When the sun touched my frozen tent and began to melt the ice, it was time to ride. Maybe it was the low air pressure that made me feel weak. I had no strength to keep on climbing and after an hour I decided to push the bike, I reached a plateau and there was a yurt.
Yurts, portable round tents covered in skin and used by nomads in central Asia, are wonderful; I wish I could live in one. They are like tents but huge, and they are full of all the luxuries you would like to have, including a black and white TV that works with… yeah, solar energy!
From there, I went down the hill to the valley of Karakul Lake. I lost my breath at the sights surrounding me: it was the most beautiful lake I had seen in my life. I was happy as I could be, then I reached the small and forgotten town of Karakul. I was ready to give ten somonis for a fat juicy watermelon for lunch, but I did not see any signs of humans alive. I left the lake behind and stepped into arid mountains and lots of snow. I camped in a ruined building and ate the sardines which tasted horrible. Then, I went to sleep.
I had bread, cheese and water for breakfast before re-packing my belongings and being back on the road.
Only a few kilometers ahead, a van from the army stopped me. The driver told me that the road to Murghab was closed and I had to return to Kyrgyzstan. The soldiers forbade me from continuing towards Murghab and took my passport. Kristina, a girl from Germany and Stephen, a guy from Scotland got off the truck; they had been picked up with their bikes some minutes before too. The girl told me that the authorities were closing the country, it was because of the conflict in Khorog, that’s when I understood that the situation was actually serious as 300 people had died under heavy fire. They picked up my bike in a white Lada and they drove us all three of us away.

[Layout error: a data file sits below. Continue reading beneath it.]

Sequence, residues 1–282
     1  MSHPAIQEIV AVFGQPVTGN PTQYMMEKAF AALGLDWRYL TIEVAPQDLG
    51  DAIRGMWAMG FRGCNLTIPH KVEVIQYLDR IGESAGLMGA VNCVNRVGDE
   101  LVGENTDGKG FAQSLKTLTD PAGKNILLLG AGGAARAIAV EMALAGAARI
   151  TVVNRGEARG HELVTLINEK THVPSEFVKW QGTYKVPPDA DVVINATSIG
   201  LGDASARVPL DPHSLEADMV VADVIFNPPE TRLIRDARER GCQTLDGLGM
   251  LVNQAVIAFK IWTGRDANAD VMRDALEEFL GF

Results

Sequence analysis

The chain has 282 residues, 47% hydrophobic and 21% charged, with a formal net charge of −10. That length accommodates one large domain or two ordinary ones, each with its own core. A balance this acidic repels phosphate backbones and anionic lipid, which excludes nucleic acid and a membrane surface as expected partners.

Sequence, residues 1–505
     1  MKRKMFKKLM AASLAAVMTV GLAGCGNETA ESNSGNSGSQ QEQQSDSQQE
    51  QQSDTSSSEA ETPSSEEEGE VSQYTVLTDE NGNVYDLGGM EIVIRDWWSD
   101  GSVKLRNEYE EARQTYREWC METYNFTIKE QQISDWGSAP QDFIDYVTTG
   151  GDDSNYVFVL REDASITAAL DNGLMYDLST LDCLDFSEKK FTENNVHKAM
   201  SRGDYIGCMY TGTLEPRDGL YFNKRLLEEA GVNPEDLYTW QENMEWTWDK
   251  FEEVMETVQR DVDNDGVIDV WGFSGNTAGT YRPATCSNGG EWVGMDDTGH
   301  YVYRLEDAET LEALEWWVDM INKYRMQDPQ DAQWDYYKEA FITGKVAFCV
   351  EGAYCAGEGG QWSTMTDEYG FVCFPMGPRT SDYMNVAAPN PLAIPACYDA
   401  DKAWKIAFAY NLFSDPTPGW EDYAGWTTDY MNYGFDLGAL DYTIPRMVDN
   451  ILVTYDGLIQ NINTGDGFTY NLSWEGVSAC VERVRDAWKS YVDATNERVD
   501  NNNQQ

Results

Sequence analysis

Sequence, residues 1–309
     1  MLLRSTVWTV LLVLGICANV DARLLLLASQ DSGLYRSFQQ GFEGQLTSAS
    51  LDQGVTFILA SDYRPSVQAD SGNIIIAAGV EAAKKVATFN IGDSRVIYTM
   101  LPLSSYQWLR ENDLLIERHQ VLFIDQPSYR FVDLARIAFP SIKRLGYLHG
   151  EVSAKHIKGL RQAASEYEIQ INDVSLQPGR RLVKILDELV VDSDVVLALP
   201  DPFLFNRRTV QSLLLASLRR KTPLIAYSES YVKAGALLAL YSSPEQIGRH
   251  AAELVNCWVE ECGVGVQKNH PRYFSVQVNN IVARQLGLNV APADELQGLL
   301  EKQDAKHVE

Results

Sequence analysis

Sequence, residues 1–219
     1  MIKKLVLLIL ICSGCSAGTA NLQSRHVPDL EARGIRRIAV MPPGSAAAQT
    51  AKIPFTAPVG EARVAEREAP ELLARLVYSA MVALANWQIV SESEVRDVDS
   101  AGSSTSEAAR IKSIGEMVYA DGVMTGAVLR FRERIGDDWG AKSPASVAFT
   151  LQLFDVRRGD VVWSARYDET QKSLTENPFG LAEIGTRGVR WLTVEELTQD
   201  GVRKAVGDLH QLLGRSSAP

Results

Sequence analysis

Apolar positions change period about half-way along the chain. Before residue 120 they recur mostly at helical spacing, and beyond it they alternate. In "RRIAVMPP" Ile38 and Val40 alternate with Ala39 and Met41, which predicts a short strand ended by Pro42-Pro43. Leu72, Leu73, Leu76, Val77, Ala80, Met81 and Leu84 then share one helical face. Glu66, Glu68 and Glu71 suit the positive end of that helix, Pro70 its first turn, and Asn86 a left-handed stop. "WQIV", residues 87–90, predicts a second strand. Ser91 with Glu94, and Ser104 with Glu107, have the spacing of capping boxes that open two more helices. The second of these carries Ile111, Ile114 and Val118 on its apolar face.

They left us at the Tajik checkpoint; we fixed our bikes and went up the hill, making a huge effort to reach a flat area to camp before sunset. We stopped at the house where I had eaten before with the Swiss and the Japanese. It was as cold as it gets at 4500 meters, but we managed to cook one of my noodle packets with corn and tuna and sleep there.
We got along well all three of us, and in the few days that we spent together, we became friends.
Because of my Colombian nationality, I thought I wouldn’t be allowed to re-enter Kyrgyzstan without a visa. It was very possible that they would not let me pass, or that they would give me a transit visa, like the one they gave me at the beginning, and if they didn’t let me enter, I would forever stuck in the no-man’s land.
We hit the road and went down, jumping on our bikes violently due to the bad condition of the road; I had three punctures on that route, as if my tire was haunted.
We arrived at the Kyrgyz checkpoint, and my friends and I imagined I wouldn’t be able to pass the border. Maybe I would create a new country, the Independent Kingdom of Ciclyztán, between the Tajik and Kyrgyz border. I would be the king, of course. Self-declared and lifelong King of the Independent Kingdom of Cycliztan. The land of the bikes. Official Religion: Orthodox Cycling. Extension of the territory: 20 kilometers.
We joked about it but at the end they gave me an emergency stamp. Happy as hell, we crossed the checkpoint into Kyrgyzstan. I was alive.